Notice Savers: A hybrid product between a savings account and term deposit

A notice saver offers interest on your money, however you need to give a certain amount of notice if you decide you want to withdraw your money.

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Notice savers allow you to earn interest on your savings in a similar way to term deposits, but rather than keeping your money "locked away" for a specified term, notice savers let you pick how much notice to provide a bank before they release your funds. Although not as easily accessible as what you get with an at-call savings account, you do get more flexibility than with a term deposit.

Compare notice savers below

Name Product Maximum Variable Rate p.a. Standard Variable Rate p.a. Intro Period Government Guarantee
AMP Notice Account
0.55%
0.55%
Ongoing
Rabobank Notice Saver (31 days)
0.55%
0.55%
Ongoing
Rabobank Notice Saver SMSF (31 days)
0.45%
0.45%
Ongoing
Rabobank Notice Saver (60 days)
0.6%
0.6%
Ongoing
Rabobank Notice Saver SMSF (60 days)
0.6%
0.6%
Ongoing
Rabobank Notice Saver SMSF (90 days)
0.7%
0.7%
Ongoing
BOQ Specialist Bank 32 Day Notice Account
BOQ Specialist Bank 32 Day Notice Account
0.6%
0.6%
Ongoing
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Compare up to 4 providers

How does a notice saver work?

Notice savers for personal use are offered at three different tiers: 31 day, 60 day and 90 day. The rate of return also increases as you increase the terms. If you want to access your savings after the account has been activated, you give the bank notice and they will release the money in the time frame that you choose.

In other words, if you sign on for a 60-day notice saver, you will need to tell the bank 60 days in advance of day you want access to your funds. If you occasionally dip into your savings, this could be of benefit to you. Although not instant, it allows access to your funds when you want yet still allows you to earn interest on your savings.

How do I compare notice savers?

Notice savers have unique features that could make them an appealing option for those who want to reach a savings goal, and need an extra incentive to get there. When comparing them, consider the following:

A notification term that suits you

You do have to choose how long of a notification you want to give when you open the account, which will require some thought as to your future needs. The lowest rates are paid on 31 day notices, and get progressively higher as you move to 90 days.

Competitive interest rate

The interest rate will have a direct impact on the return on your investment. If your main objective is to increase your savings rapidly you will want to choose the longer notice periods with the higher rates.

The ability to constantly add to your balance

Unlike term deposits, notice savers lock you out from withdrawals but not on deposits. That means you can continue to add to the principal amount to increase your savings.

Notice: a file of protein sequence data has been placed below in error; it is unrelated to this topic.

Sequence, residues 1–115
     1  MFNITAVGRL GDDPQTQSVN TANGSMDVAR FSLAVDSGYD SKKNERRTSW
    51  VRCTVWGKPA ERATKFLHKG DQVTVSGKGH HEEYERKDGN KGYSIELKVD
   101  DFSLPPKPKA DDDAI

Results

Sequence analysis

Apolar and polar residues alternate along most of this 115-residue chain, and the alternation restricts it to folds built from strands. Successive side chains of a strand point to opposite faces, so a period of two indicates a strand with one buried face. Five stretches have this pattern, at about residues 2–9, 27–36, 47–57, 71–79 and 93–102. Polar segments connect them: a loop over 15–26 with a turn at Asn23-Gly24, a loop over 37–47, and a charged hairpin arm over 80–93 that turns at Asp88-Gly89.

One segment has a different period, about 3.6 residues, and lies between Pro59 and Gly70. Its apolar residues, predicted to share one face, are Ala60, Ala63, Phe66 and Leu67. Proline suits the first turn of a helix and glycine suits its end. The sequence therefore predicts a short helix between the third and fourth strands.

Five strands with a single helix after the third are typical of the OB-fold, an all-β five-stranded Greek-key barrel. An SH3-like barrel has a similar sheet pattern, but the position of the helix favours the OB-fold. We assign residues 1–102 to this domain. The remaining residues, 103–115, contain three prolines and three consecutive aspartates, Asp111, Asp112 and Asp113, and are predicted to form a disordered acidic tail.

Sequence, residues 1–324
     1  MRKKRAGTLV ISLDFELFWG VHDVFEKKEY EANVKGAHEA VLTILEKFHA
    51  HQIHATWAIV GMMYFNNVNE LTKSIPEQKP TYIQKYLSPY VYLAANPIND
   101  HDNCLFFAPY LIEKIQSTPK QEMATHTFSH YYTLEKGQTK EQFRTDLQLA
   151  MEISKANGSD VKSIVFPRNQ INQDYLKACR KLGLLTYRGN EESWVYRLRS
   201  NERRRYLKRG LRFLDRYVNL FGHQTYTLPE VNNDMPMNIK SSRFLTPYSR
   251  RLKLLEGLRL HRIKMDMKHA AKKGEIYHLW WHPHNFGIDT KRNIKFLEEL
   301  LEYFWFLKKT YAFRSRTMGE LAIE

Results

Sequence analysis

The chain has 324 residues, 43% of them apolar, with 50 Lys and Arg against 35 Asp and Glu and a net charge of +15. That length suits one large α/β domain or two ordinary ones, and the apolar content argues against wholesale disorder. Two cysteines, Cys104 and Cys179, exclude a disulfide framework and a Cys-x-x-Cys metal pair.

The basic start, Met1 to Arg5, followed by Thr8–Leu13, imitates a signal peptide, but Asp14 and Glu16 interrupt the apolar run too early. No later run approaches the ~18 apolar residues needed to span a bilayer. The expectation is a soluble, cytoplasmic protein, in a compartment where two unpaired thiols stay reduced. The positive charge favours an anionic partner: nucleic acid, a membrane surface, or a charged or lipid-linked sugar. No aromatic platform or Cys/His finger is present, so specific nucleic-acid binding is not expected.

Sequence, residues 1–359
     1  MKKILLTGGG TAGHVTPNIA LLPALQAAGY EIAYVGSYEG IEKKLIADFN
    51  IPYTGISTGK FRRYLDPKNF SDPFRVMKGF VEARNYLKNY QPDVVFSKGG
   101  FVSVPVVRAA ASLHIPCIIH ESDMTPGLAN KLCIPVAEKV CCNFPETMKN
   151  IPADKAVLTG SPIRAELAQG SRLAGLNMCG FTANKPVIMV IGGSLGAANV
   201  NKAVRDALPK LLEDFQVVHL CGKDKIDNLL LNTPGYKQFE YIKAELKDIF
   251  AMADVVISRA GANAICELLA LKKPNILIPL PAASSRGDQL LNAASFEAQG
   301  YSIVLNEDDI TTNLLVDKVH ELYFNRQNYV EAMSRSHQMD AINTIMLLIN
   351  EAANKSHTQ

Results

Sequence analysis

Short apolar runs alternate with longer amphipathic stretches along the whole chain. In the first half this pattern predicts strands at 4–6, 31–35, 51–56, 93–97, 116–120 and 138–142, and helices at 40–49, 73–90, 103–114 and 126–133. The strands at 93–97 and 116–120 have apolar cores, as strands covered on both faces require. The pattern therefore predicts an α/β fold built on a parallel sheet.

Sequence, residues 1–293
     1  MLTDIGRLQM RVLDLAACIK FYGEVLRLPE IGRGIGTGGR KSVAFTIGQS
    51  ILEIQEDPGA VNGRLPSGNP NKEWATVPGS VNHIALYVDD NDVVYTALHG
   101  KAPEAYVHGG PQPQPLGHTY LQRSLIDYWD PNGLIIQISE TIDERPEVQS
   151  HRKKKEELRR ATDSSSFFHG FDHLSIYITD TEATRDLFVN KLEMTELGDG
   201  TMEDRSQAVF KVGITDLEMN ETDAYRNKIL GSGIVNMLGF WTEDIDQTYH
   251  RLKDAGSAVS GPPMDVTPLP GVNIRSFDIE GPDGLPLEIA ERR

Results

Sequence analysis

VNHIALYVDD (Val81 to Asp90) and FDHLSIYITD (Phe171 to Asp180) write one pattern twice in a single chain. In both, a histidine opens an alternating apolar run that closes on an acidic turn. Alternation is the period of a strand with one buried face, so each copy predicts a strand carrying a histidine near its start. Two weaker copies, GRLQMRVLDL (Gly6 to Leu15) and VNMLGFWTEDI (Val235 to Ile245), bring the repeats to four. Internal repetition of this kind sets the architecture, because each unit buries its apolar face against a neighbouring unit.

Interest calculation

You get the most benefit in a savings product that calculates the interest daily and makes a monthly deposit. This allows you to benefit further with compound interest, where your earnings come from the combined total of your principal and earned interest amount.

Low minimum deposit requirements

You will want to check to ensure that you are able to meet any minimum deposit requirement for a notice saver account.

It can be linked with your regular bank account

As with most high interest savings account, you will need a transaction account to be linked to your notice saver. Check to make sure that your current bank will allow you to link your everyday account with a notice saver offered by another institution.

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What are the pros and cons of opening a notice saver account?

Pros

  • Interest rates. You may get the benefit of higher interest rates with a notice saver than you would with a standard savings account.
  • Continue saving. You have the option of continuing to add funds to this savings account. In some cases you can even set up regular payments from your transaction account into your notice saver.
  • More flexibility. You have the ability to make investment decisions on shorter notice than you would if the money was inside of a term deposit.

Cons

  • Notification time. Even though you are not locked in as with a term deposit, notice savers are still not ideal if you need your savings fast to cover the cost of an emergency.
  • Variable interest rates. A fixed interest rate guarantees the growth of your money at a steady rate, while with a variable rate you could potentially lose some of the interest earnings if there is a drop in the market.

Considerations before opening an account

As with any type of savings product, you must carefully weigh what your goals and needs are before making a final choice. This will help you to avoid:

  • Missing out on higher rates. If your goal is a couple of years into the future, a term deposit will give you a better rate of return for your investment than a notice saver.
  • Not meeting an emergency. This type of account still requires a waiting period before you can access the money. If you do not have other means to cover an emergency, you may want to consider splitting your savings and keeping some in an on call account just in case.

Have more questions about notice savers?

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